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Buying a House After Bankruptcy

Bankruptcy can be a much-needed debt solution for people struggling financially. However, debt relief comes at a cost. If your bankruptcy case is settled and you are looking to buy a house, keep reading for a guide to homeownership for former debtors.

Types of Bankruptcy

Buying a house post-bankruptcy depends on the type or chapter of bankruptcy you file. For individual debtors, not business entities, Chapter 7 or 13 are the most common types of bankruptcy.

  • Chapter 7 (liquidation): Debt relief by liquidating assets to pay off debt
  • Chapter 13 (reorganization): Debt relief through a reorganization plan that results in full repayment within three or five years

Chapter 7 is often the quickest method and is best for people with a lot of debt. On the other hand, Chapter 13 takes longer, but it does not require liquidation of assets. Instead, debtors draft a reorganization plan with the intention of paying back their debts within three or five years.

It’s important to note that chapters 7 and 13 discharge debts, but some are not dischargeable. In most cases, obligatory debts like child support, student loans, and alimony are still required regardless of your bankruptcy status.

FHA Loans

Depending on the type of bankruptcy you filed, the FHA may have different rules for lending.

  • Chapter 7: The FHA will accept your mortgage application two years after your case is settled. You will need to provide a positive credit history. The FHA will require proof that the circumstances surrounding your bankruptcy were outside of your control.
  • Chapter 13: The FHA can guarantee a loan within 12 months after filing for Chapter 13 as long as you make the payments on time. You must be able to afford the mortgage payments and have written permission from the court to take on new debt.

VA Loans

In general, the Department of Veteran’s Affairs does not require a down payment for mortgage loans. Debtors recovering from bankruptcy must wait two years before qualifying for a VA loan and provide proof of a clean credit history. Applicants will also need a credit score of 620 or above to qualify.

Conventional Loans

Most conventional loans come from banks or mortgage companies without government backing. The government can purchase these loans based on specific criteria. Depending on your history of bankruptcy, you may or may be able to qualify for a conventional loan anytime soon.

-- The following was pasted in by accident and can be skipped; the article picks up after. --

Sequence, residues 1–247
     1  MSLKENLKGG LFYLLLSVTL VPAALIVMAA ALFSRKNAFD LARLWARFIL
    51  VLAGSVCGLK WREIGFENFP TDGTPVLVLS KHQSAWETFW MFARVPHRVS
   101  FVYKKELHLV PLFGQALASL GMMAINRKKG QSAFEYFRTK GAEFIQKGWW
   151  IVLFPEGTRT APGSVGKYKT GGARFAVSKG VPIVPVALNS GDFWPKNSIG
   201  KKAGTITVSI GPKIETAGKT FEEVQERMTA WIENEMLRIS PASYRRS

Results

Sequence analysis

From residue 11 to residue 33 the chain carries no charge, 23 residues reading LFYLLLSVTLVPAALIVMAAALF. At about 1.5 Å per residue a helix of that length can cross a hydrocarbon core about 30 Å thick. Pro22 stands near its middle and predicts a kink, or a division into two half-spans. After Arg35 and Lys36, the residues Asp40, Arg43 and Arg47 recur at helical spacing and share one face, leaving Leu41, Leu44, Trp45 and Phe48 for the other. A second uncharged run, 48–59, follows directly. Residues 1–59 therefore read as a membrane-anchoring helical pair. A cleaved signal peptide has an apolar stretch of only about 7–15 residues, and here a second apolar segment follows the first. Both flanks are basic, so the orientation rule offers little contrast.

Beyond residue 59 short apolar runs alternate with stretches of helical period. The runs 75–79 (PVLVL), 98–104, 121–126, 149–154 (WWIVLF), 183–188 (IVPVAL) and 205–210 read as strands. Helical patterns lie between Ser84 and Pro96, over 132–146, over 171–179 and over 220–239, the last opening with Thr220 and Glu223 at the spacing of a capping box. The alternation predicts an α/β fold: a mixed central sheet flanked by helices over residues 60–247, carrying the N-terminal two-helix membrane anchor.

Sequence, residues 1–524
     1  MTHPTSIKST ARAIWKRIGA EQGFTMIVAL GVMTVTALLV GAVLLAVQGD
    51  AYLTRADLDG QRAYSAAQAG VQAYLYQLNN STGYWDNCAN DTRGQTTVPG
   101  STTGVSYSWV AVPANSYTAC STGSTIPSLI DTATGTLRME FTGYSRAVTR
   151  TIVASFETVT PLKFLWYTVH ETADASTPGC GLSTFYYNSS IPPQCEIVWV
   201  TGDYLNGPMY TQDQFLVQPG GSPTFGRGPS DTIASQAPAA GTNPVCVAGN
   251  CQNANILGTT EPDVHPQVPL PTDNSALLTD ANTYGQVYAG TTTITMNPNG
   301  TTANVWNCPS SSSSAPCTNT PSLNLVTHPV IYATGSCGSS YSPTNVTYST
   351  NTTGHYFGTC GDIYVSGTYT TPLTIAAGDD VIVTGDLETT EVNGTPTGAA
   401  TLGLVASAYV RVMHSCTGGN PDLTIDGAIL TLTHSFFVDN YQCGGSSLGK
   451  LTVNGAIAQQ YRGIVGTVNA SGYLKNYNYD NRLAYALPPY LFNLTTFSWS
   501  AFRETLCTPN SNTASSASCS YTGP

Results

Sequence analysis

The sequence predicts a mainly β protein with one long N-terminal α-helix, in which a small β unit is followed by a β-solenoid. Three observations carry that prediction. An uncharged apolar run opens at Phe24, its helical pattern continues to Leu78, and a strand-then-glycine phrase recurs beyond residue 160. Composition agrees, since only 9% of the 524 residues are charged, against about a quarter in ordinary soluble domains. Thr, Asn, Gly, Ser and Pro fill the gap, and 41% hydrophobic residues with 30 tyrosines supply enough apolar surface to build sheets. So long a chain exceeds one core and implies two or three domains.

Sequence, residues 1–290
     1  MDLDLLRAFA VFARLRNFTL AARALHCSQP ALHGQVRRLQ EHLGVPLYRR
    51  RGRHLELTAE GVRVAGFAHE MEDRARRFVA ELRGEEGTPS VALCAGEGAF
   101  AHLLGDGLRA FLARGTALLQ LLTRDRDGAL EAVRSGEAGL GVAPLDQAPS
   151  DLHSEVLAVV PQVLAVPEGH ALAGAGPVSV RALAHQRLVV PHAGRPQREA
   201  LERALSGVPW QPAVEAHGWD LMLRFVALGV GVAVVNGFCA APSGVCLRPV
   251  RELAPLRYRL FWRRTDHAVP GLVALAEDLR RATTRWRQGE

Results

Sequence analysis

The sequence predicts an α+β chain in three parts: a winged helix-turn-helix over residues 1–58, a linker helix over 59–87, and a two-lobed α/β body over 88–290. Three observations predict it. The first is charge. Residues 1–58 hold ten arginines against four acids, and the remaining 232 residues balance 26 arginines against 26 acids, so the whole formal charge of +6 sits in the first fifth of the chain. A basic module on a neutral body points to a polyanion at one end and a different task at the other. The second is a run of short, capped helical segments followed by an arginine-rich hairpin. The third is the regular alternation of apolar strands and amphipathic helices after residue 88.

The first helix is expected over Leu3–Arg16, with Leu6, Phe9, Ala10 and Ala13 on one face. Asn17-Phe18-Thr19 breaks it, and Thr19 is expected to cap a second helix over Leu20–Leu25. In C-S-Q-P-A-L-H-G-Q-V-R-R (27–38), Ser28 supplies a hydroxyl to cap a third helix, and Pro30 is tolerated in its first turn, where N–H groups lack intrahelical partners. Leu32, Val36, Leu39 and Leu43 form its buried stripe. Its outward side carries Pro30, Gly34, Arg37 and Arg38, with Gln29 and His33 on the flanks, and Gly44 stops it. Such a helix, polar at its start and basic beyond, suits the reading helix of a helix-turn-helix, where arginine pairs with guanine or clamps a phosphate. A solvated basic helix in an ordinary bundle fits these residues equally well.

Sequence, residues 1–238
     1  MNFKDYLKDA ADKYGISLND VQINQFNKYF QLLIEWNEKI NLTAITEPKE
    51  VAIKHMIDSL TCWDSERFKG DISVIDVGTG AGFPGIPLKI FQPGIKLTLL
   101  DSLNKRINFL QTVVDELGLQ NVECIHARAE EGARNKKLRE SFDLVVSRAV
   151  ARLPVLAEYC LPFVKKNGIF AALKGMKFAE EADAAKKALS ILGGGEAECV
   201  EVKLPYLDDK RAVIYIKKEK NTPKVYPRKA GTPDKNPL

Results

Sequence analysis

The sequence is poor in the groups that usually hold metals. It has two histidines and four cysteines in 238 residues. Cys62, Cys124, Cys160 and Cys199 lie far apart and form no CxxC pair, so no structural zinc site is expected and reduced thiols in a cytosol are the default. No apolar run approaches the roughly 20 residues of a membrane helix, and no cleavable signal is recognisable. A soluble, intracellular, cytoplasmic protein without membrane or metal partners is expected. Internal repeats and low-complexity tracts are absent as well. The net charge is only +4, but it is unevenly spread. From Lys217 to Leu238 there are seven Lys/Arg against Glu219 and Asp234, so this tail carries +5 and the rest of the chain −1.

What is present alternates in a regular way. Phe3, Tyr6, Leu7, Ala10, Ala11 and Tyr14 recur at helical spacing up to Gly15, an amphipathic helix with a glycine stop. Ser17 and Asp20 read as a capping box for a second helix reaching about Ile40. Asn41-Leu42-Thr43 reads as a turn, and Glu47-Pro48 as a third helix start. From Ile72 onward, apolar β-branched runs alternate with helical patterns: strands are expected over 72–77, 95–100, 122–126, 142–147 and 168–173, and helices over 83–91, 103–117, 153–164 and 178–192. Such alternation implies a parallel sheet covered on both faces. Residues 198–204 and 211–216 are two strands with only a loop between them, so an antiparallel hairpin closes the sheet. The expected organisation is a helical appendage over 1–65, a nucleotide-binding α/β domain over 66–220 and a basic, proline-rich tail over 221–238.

• Chapter 7: You must wait 48 months or 24 months if extenuating circumstances exist.
  • Chapter 13: You must wait 24 months after discharge. Or, if the court dismisses the case before discharge, you’ll need to wait for 48 months.
  • Multiple Bankruptcies: If you have filed for bankruptcy more than once in the last seven years, you may have to wait for at least five years before you can qualify for a conventional loan.

Improving Your Chances

If you do not already qualify for a mortgage, there are some things you can do to improve your chances of getting one down the road.

  • Consistency: Create a budget to keep yourself on track and avoid overspending, overdrafting, and missing deadlines.
  • Improve Credit: Make your payments on time and avoid extra costs that may take a toll on your credit. It’s tempting to check your score regularly, but doing so can alter it, so focus on good credit habits to avoid a declining score.
  • Fees: Unfortunately, lenders and credit card companies view those who file for bankruptcy as “high risk,” which means they may charge expensive fees for simple things like a credit card. If you can, avoid taking out new credit cards and make regular payments on the ones you have.
  • Pre-Approval: For former debtors and those in debt recovery, pre-approval may be your best friend. This can eliminate specific fees and exemptions.

Ultimately, there are no quick fixes for your finances post-bankruptcy. It takes time to accumulate debt and even longer to recover from it so take this time to make minor adjustments and improve your spending habits. These little changes can make a big difference later on when you have to provide proof of good credit.

Is Bankruptcy Right for You?

If you are struggling financially and want to buy a home in the future, knowing which kind of bankruptcy to file and having the skills to succeed can give you opportunities down the road. Choosing the correct type of bankruptcy is one of the most important steps in the debt relief process, and you don’t have to figure it out on your own.

At the Law Office of Seni Popat, P.C., we believe that financial recovery is possible. Our team of compassionate legal professionals has extensive knowledge of the bankruptcy court system and how filing may affect you. With a decade of experience and a successful track record on your side, you can get the debt relief you need.

Schedule a FREE consultation with the Law Office of Seni Popat, P.C. today!